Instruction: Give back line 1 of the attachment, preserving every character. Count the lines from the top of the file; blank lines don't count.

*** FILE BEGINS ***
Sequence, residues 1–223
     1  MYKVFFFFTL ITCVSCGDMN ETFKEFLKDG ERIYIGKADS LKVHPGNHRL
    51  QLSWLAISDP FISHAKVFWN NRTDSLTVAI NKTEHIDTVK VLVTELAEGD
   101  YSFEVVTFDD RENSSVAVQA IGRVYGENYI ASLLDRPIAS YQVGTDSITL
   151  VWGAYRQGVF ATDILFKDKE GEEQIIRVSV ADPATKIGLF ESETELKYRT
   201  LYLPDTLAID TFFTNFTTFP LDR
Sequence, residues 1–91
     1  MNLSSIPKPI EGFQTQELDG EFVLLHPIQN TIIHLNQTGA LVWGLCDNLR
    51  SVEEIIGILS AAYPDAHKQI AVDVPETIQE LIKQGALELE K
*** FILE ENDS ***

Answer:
Sequence, residues 1–223